In relation to health monitoring, PCBU (cl. 369 to 378) duties include:

  • informing workers of the requirements for health monitoring
  • using a registered medical practitioner with experience in health monitoring
  • providing details to the medical practitioner
  • obtaining a copy of the health monitoring report
  • providing a copy of the health monitoring report to SafeWork NSW if the worker has developed a disease or injury and/or the report contains any recommendations on remedial measures at the workplace
  • keeping records of health monitoring for 30 years.

Control measures

Where risks to health and safety cannot be eliminated the hierarchy of controls must be applied in accordance with cl. 36 of the Work Health and Safety Regulation 2017 to minimise risks.

  • Eliminate the use of acrylamide if reasonably practicable.
  • Employ engineering controls such as minimising the generation of vapours and mists, in particular:  
    • installation of automated debagging equipment, isolation, enclosure and extraction of the cutting process during polymer manufacture
    • weighing and decanting of acrylamide solid (powder) should take place in a fume hood/cupboard
    • where acrylamide is not used in a closed system (such as laboratories) or is present as a contaminant in workplace air (such as polymerisation vessels and gel processing machinery), good local exhaust ventilation should be in place.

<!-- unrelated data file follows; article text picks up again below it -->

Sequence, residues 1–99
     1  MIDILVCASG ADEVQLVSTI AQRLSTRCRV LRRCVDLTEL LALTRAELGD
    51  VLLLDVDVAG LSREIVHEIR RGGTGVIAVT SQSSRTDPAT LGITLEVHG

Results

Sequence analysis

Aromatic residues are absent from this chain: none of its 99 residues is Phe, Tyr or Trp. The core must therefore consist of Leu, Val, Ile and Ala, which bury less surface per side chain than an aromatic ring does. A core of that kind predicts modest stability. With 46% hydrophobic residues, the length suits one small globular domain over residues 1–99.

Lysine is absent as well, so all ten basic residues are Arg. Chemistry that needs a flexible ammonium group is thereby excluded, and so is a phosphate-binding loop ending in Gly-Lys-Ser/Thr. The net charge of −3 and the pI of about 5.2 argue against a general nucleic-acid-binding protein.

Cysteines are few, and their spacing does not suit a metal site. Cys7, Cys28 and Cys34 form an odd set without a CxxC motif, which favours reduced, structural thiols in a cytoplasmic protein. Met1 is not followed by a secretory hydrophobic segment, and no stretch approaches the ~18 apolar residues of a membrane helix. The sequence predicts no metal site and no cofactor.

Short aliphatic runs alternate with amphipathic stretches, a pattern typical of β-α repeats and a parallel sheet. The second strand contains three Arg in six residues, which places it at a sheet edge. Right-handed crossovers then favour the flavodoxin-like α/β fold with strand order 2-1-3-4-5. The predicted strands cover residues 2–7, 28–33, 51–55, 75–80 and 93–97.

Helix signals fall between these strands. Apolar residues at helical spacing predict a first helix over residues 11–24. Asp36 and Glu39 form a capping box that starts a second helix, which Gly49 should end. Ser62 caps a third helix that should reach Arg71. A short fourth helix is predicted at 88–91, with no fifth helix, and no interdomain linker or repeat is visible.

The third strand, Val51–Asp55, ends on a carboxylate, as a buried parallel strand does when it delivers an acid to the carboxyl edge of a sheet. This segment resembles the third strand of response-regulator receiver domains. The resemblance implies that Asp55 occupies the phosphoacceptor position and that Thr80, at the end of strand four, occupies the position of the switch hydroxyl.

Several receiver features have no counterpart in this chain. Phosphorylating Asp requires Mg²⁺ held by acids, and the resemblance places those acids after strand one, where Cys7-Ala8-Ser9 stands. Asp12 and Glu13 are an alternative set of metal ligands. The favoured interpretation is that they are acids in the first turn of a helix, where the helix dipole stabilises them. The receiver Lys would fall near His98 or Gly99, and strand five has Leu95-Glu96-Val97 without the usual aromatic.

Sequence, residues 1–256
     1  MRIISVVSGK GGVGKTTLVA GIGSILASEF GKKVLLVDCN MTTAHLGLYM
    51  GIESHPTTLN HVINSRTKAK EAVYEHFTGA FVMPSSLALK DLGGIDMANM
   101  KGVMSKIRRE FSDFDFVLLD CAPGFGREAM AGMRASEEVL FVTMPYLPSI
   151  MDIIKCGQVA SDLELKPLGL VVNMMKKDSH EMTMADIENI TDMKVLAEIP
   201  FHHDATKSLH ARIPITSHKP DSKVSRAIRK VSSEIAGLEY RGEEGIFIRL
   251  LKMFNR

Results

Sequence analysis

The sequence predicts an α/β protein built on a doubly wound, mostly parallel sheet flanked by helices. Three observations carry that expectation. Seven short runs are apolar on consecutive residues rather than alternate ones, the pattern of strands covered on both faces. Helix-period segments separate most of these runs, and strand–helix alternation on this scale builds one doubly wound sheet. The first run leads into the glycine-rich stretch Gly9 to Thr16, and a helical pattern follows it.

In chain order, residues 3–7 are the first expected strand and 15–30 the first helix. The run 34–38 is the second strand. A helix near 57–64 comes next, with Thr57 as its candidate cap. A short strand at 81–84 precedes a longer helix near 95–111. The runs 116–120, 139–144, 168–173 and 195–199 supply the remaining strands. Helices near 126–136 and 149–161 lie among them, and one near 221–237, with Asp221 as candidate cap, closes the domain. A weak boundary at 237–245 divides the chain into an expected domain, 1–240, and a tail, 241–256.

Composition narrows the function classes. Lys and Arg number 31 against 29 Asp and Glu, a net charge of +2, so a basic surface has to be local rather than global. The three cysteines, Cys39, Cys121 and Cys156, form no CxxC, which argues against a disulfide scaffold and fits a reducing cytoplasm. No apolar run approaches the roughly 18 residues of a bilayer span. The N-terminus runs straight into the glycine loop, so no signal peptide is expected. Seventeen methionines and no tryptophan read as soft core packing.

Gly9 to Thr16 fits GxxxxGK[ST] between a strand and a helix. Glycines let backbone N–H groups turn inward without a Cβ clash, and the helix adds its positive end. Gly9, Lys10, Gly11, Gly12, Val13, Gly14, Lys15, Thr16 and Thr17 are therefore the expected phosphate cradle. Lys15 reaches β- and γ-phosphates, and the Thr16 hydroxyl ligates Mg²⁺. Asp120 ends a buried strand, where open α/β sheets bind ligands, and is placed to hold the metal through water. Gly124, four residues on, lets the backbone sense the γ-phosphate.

• Avoid skin contact by wearing chemical-resistant gloves and other personal protective equipment as needed.
  • Instruct and train workers in the correct fitting, use and maintenance of PPE.
  • Follow instructions and controls outlined in SDS) and product labels.

PCBUs must provide suitable information, training, instruction and supervision to workers using, storing and handling hazardous chemicals regarding the nature of the work, risks and the controls implemented (cl. 39 and 379).

PCBUs with duties under the Work Health and Safety Regulation 2017 must review and revise control measures, as necessary, to maintain a work environment so far as is reasonably practicable, that is without risk to health or safety (cl. 38).

More information

More information is contained in:

  • Australian standards
    • AS/NZS 1715;2009 Selection, Use and Maintenance of Respiratory Protection

In the event of suspected exposure, call the Poisons Information Centre on 131 126.